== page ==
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Teenage galaxies are extremely hot, finds James Webb Space Telescope

In yet another interesting outcome from the James Webb Space Telescope (JWST), researchers at Northwestern University in the US have been able to study "teenage galaxies" in greater detail by studying their chemistry and found them to be extremely hot, a press release said.

In the nearly two years that the JWST has been up in space, the $10 billion telescope has repeatedly shown why the two-decade wait for its design and completion has been completely worth it. From the discovery of a supermassive black hole to the earliest complex organic molecules, the JWST has been constantly to what we know about our universe and is only getting started.

  • James Webb Space Telescope detects a 'baby galaxy' 
  • James Webb snaps a stunning question mark in space 
  • James Webb Space Telescope captures the second-most distant galaxy ever 

Scientists are always interested in how it began, but some are also keen on how we got here. To understand this better, a research team led by Allison Strom from Northwestern University has been studying teenage galaxies that formed two to three billion years after the Big Bang and have turned to JWST for all the information it can offer.

What is the CECILIA survey?

Strom's team is using the JWST to study the chemistry of these distant galaxies through a program called Chemical Evolution Constrained using Ionized Lines in Interstellar Aurorae(CECILIA). The name isn't just a fancy acronym but a homage to Cecilia Payne-Gaposchkin, one of the first women to earn a Ph.D. in astronomy.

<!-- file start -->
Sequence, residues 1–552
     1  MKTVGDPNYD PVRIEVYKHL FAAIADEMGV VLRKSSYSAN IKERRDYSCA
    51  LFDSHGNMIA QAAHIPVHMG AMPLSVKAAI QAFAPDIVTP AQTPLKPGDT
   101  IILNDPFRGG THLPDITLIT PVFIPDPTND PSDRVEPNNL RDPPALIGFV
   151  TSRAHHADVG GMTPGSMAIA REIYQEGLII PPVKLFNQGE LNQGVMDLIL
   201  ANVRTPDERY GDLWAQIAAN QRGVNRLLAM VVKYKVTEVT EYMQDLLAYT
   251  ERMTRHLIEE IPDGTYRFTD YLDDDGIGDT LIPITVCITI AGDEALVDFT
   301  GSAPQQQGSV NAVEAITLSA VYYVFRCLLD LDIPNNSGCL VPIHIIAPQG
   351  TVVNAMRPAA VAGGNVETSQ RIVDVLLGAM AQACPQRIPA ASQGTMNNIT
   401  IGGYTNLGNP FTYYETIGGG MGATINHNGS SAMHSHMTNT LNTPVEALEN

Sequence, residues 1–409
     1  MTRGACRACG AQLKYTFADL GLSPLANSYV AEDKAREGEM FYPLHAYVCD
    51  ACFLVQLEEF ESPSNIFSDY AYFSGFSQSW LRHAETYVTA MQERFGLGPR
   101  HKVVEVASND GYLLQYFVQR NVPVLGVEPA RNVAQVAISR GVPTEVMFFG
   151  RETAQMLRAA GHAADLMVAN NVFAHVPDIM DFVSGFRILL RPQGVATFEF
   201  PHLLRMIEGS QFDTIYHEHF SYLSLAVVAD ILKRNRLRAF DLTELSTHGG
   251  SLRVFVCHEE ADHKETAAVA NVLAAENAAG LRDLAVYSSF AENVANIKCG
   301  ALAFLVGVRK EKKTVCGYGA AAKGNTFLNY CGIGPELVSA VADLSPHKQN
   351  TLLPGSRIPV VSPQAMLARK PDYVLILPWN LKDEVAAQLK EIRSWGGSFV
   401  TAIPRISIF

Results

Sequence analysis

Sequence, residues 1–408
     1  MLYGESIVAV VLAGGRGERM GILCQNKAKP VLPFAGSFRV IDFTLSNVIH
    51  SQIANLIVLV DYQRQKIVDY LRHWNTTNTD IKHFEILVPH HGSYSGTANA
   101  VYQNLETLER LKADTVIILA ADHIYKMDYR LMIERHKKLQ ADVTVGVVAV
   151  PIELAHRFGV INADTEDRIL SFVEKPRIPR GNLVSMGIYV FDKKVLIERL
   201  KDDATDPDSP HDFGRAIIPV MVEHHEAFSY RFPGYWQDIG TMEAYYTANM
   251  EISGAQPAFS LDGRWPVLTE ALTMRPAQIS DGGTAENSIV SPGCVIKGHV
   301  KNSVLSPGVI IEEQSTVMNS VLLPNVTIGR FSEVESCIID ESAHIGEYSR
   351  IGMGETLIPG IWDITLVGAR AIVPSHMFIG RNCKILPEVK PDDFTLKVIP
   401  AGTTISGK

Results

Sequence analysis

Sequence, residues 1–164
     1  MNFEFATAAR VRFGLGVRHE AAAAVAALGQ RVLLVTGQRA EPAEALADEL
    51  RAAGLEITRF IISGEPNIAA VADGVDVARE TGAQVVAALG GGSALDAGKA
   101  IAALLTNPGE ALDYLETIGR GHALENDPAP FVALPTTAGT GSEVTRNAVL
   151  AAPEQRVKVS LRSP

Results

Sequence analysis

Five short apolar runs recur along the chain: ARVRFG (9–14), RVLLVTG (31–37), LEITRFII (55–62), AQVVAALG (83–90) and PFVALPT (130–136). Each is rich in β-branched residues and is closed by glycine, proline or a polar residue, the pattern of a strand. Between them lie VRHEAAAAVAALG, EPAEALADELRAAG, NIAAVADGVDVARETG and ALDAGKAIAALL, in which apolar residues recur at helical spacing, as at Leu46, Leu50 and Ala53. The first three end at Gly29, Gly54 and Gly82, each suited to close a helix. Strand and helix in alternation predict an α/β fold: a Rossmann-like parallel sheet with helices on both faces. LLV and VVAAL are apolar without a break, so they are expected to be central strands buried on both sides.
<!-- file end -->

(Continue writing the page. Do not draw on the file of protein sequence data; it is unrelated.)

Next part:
The survey targets teenage galaxies going through a messy time of growth and change to determine the impact of these events on them, much like in humans. To do so, the JWST is capturing light across different wavelengths from these distant galaxies, which gives the researchers an idea about its chemical makeup.

For instance, astrophysicists are not sure why some galaxies appear red during the formation of stars. The spectrum - readings across different wavelengths can provide clues on the active elements inside the galaxies and help determine what will happen next.

As part of the CECILIA Survey, the JWST continuously observed 33 such distant and teenage galaxies for 30 hours and then combined spectra from 23 to reveal a composite picture. "This washes out the details of individual galaxies but gives us a better sense of an average galaxy. It also allows us to see fainter features," Strom added in the press release.

What do we know about teenage galaxies?

The early analysis of this data has shown that teenage galaxies have eight distinct elements: Hydrogen, helium, nitrogen, oxygen, silicon, sulfur, argon, and, surprisingly, a heavier metal - nickel. The elements heavier than hydrogen and helium form inside stars, providing information about the galaxy's evolution.

Artist's illustration of galaxies with stars


Strom's team found that these teenage galaxies were extremely hot, with certain pockets reaching temperatures over 24,062 degrees Fahrenheit (13,350 degrees Celsius). In comparison, the hottest pockets in other galaxies reach 17,492 degrees Fahrenheit (9,700 degrees Celsius).

Strom was also surprised to see the presence of nickel, a metal heavier than iron that has proven difficult to observe. "There has to be enough of an element present in a galaxy and the right conditions to observe it. No one ever talks about observing nickel. Elements have to be glowing in gas for us to see them. So, for us to see nickel, there may be something unique about the stars within the galaxies," Strom added.

The research findings about the CECILIA Survey were published today in The Astrophysical Journal Letters.

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